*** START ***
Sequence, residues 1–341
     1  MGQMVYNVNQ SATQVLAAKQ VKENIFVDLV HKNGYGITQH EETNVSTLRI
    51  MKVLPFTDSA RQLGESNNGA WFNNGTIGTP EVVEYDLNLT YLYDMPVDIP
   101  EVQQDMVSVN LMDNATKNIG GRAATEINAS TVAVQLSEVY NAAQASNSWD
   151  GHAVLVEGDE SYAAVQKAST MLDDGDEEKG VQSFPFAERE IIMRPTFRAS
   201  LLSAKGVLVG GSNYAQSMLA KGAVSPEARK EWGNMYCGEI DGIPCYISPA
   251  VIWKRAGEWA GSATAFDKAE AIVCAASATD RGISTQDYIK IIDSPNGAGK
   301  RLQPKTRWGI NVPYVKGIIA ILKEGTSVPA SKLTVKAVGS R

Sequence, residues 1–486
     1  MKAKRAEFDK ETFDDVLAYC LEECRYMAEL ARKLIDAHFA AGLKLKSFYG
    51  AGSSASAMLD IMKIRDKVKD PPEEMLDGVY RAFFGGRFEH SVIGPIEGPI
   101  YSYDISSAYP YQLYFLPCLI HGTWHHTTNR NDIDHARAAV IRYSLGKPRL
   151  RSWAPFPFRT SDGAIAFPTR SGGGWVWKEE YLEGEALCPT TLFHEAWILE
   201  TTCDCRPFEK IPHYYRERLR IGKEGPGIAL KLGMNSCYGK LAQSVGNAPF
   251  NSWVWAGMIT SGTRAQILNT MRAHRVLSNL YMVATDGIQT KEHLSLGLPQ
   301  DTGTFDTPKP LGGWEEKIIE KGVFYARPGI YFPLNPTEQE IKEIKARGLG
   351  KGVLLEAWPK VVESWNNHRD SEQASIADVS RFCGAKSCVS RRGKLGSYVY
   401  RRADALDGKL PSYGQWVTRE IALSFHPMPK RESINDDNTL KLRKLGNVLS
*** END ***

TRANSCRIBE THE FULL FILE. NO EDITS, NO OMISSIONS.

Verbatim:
Sequence, residues 1–341
     1  MGQMVYNVNQ SATQVLAAKQ VKENIFVDLV HKNGYGITQH EETNVSTLRI
    51  MKVLPFTDSA RQLGESNNGA WFNNGTIGTP EVVEYDLNLT YLYDMPVDIP
   101  EVQQDMVSVN LMDNATKNIG GRAATEINAS TVAVQLSEVY NAAQASNSWD
   151  GHAVLVEGDE SYAAVQKAST MLDDGDEEKG VQSFPFAERE IIMRPTFRAS
   201  LLSAKGVLVG GSNYAQSMLA KGAVSPEARK EWGNMYCGEI DGIPCYISPA
   251  VIWKRAGEWA GSATAFDKAE AIVCAASATD RGISTQDYIK IIDSPNGAGK
   301  RLQPKTRWGI NVPYVKGIIA ILKEGTSVPA SKLTVKAVGS R

Sequence, residues 1–486
     1  MKAKRAEFDK ETFDDVLAYC LEECRYMAEL ARKLIDAHFA AGLKLKSFYG
    51  AGSSASAMLD IMKIRDKVKD PPEEMLDGVY RAFFGGRFEH SVIGPIEGPI
   101  YSYDISSAYP YQLYFLPCLI HGTWHHTTNR NDIDHARAAV IRYSLGKPRL
   151  RSWAPFPFRT SDGAIAFPTR SGGGWVWKEE YLEGEALCPT TLFHEAWILE
   201  TTCDCRPFEK IPHYYRERLR IGKEGPGIAL KLGMNSCYGK LAQSVGNAPF
   251  NSWVWAGMIT SGTRAQILNT MRAHRVLSNL YMVATDGIQT KEHLSLGLPQ
   301  DTGTFDTPKP LGGWEEKIIE KGVFYARPGI YFPLNPTEQE IKEIKARGLG
   351  KGVLLEAWPK VVESWNNHRD SEQASIADVS RFCGAKSCVS RRGKLGSYVY
   401  RRADALDGKL PSYGQWVTRE IALSFHPMPK RESINDDNTL KLRKLGNVLS